WiMax is poised to move forward as a significant new platform for broadband. "WiMax" is the popular name for the 802.16 wireless metropolitan-area network standard. It's like WiFi but can travel a lot farther. It easily traverses the "last mile," the complicated and expensive rights-of-way that create a high barrier to entry for competitors to DSL and cable.
Recently, Intel announced that a line of its chips will support WiMax. Intel also invested $600 million in leading WiMax provider Clearwire. Clearwire recently pulled back from an IPO, though, fueling speculation that Clearwire and WiMax are not all they're cracked up to be. Since then, Sprint Nextel has announced that it would spend up to $3 billion to build a WiMax network. Nothing is certain, but WiMax looks pretty good right now for bringing more competition to broadband.
Here's another thing happening: The Federal Communications Commission is amidst an auction of wireless spectrum. In 1993, Congress gave the FCC the authority to use competitive bidding for allocating rights to use radio spectrum. This beats comparative hearings and lotteries by a mile, because companies that have paid good money for spectrum tend to be well focused on making good use of it. This redounds to the benefit of consumers and the public through new, competitive wireless services.
But much more can be done to improve how this natural resource is deployed. It is widely recognized that creating property-like rights in spectrum will foster secondary markets and help move spectrum to its highest and best use. That work seems not to be happening very quickly, however.
And a report Cato released yesterday shows that much difficult work remains to be done if we are to have a property regime for spectrum, with all the benefits it entails. In “Toward Property Rights in Spectrum: The Difficult Policy Choices Ahead,” University of Colorado professors Dale Hatfield and Philip Weiser show why creating a property-oriented system for electromagnetic spectrum rights will not be easy.
“Even though the merits of the case for property-like rights in spectrum is beyond dispute, the details about how such a regime would work must still be defined,” Hatfield and Weiser point out. Variation in the way radio waves behave means that simple geographic borders cannot define how rights to use spectrum are divided. Regulation of transmitter technology and power cannot be replaced wholesale with enforcement of radio “trespass.” Rather, ownership of rights to use spectrum must be defined and enforced with a model suited to the particular characteristics of radio propagation.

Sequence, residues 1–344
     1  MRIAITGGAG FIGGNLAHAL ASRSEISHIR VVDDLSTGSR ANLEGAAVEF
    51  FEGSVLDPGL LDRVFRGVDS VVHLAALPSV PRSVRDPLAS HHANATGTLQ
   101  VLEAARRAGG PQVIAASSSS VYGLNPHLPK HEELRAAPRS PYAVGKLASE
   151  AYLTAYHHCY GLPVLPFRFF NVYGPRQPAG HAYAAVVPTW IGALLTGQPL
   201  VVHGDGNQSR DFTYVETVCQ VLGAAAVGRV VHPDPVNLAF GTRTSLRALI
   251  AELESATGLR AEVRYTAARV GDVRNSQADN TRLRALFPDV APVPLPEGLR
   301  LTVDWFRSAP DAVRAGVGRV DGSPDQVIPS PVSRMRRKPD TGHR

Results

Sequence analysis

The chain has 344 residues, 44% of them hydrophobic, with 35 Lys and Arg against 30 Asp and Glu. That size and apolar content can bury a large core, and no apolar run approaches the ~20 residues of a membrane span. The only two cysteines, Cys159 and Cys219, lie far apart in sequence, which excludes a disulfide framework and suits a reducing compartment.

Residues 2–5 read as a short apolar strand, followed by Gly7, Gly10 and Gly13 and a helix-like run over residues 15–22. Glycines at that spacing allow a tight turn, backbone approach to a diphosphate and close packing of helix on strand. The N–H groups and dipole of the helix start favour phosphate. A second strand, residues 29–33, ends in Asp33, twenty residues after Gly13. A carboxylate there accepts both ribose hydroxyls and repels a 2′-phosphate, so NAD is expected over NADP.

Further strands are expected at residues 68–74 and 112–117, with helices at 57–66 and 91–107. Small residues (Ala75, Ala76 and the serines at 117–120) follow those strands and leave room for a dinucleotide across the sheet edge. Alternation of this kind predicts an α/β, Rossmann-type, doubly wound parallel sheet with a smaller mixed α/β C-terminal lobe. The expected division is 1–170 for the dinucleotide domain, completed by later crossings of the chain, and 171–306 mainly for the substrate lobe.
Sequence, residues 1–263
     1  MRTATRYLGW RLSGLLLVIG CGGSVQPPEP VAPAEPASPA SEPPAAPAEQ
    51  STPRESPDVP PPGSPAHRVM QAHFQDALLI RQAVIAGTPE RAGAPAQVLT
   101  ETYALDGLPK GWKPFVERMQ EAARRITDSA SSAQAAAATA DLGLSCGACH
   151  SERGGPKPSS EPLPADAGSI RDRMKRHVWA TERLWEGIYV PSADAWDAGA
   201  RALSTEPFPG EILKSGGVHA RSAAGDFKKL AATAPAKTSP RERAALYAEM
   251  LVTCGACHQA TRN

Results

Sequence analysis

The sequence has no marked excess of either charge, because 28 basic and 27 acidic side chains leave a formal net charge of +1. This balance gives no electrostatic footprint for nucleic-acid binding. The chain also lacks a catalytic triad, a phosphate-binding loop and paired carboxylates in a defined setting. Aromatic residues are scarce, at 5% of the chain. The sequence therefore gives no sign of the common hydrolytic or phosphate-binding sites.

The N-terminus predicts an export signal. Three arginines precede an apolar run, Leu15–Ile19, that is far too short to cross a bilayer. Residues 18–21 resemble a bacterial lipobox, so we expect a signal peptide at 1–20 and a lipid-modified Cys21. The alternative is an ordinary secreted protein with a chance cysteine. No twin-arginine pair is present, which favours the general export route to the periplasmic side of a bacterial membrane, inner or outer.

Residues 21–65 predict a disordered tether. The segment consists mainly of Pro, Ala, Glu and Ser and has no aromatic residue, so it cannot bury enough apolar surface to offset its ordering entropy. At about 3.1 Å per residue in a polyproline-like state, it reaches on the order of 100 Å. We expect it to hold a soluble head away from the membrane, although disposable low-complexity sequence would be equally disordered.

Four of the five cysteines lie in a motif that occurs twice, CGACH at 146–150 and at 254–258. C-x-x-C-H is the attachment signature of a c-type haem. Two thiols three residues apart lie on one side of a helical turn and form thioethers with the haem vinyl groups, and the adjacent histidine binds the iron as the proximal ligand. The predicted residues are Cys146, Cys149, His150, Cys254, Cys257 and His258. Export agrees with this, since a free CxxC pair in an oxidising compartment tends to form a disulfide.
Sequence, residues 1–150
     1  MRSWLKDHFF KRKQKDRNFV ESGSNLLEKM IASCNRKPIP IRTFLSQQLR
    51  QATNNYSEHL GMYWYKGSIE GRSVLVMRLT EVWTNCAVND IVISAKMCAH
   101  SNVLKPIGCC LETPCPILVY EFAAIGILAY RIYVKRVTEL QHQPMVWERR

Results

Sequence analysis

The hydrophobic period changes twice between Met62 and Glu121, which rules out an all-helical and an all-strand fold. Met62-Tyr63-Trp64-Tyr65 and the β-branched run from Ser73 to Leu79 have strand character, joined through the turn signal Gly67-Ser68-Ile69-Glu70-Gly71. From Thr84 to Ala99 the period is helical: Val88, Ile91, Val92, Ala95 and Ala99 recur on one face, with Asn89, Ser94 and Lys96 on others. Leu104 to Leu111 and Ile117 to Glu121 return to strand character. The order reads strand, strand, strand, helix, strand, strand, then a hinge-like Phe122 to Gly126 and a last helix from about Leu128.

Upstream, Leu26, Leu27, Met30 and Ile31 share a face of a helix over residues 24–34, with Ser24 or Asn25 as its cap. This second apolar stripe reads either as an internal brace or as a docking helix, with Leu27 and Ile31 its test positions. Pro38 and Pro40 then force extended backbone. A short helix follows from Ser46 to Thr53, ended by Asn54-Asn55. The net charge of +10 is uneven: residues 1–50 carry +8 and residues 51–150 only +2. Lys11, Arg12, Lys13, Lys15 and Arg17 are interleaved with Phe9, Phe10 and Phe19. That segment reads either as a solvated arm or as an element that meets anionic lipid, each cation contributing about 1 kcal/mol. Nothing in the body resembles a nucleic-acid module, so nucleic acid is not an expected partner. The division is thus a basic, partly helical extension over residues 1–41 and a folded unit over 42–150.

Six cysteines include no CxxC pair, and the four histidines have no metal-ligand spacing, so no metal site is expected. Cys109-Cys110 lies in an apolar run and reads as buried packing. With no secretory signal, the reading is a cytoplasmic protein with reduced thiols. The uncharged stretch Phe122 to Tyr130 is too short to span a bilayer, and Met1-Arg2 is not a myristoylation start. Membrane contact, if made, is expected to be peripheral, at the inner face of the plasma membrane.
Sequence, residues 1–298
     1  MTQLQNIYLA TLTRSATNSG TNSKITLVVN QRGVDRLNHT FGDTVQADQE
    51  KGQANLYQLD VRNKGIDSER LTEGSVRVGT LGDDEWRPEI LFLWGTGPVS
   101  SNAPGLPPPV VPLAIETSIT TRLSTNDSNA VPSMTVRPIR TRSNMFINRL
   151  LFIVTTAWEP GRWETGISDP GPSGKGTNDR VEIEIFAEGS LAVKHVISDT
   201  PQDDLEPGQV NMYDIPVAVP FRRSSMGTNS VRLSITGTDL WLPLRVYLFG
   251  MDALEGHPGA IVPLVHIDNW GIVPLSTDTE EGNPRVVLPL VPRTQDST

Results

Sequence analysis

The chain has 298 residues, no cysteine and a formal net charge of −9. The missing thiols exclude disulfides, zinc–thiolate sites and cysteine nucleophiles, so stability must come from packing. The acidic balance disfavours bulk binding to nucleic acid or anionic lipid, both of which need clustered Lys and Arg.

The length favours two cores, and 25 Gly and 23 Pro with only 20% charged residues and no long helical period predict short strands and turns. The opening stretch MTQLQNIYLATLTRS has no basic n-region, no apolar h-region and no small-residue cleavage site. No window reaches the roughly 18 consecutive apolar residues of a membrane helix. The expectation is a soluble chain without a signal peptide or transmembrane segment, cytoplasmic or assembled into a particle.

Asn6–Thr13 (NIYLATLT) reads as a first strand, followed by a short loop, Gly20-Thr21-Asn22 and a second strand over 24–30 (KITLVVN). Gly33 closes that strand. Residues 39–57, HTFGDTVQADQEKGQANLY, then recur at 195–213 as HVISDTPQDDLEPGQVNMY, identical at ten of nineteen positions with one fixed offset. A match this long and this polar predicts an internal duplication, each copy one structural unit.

The study is a nice tour through radio for the technically uninitiated — you can find out why radio arguably has seven dimensions. And it challenges readers (and hopefully the FCC) to think about the set of rules that will best divide and organize spectrum licenses so that Ronald Coase's vision can be realized in the area where he did his early work.
Today's New York Times reports that Pakistan's president, Gen. Pervez Musharraf, is caught in "one of the most serious political binds of his nearly seven-year tenure." Gen. Musharraf's bind is an American bind, too, because he has been "one of Washington's most indispensable allies" since the 9/11 attacks, and Washington is loathe to see a nuclear-armed country of 165 million people become an enemy in the war on terrorism.
The tension between short-term diplomatic expediency and long-term political objectives has characterized U.S.-Pakistani relations for years. Another Pakistani general who took power in a coup, Mohammed Zia-ul-Haq, aided U.S. efforts to drive the Soviet Union out of Afghanistan in the 1980s (which we appreciated), even as his country was busy developing nuclear weapons (which we didn't).